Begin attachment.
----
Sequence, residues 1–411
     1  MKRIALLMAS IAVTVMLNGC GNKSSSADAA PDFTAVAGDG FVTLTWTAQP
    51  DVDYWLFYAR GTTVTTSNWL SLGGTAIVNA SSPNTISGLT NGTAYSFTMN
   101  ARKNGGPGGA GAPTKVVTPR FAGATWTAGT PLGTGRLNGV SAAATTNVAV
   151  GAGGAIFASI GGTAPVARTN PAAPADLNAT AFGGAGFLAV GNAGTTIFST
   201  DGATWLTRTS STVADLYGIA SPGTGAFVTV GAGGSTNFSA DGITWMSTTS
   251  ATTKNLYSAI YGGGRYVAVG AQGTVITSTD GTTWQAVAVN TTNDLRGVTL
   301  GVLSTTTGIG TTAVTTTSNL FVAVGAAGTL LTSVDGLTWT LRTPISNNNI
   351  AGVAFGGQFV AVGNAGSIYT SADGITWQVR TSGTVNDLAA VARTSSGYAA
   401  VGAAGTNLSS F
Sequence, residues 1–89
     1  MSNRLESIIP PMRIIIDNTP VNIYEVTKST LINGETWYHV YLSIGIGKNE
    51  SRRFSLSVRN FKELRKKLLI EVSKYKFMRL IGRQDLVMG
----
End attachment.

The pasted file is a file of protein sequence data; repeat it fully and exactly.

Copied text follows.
Sequence, residues 1–411
     1  MKRIALLMAS IAVTVMLNGC GNKSSSADAA PDFTAVAGDG FVTLTWTAQP
    51  DVDYWLFYAR GTTVTTSNWL SLGGTAIVNA SSPNTISGLT NGTAYSFTMN
   101  ARKNGGPGGA GAPTKVVTPR FAGATWTAGT PLGTGRLNGV SAAATTNVAV
   151  GAGGAIFASI GGTAPVARTN PAAPADLNAT AFGGAGFLAV GNAGTTIFST
   201  DGATWLTRTS STVADLYGIA SPGTGAFVTV GAGGSTNFSA DGITWMSTTS
   251  ATTKNLYSAI YGGGRYVAVG AQGTVITSTD GTTWQAVAVN TTNDLRGVTL
   301  GVLSTTTGIG TTAVTTTSNL FVAVGAAGTL LTSVDGLTWT LRTPISNNNI
   351  AGVAFGGQFV AVGNAGSIYT SADGITWQVR TSGTVNDLAA VARTSSGYAA
   401  VGAAGTNLSS F
Sequence, residues 1–89
     1  MSNRLESIIP PMRIIIDNTP VNIYEVTKST LINGETWYHV YLSIGIGKNE
    51  SRRFSLSVRN FKELRKKLLI EVSKYKFMRL IGRQDLVMG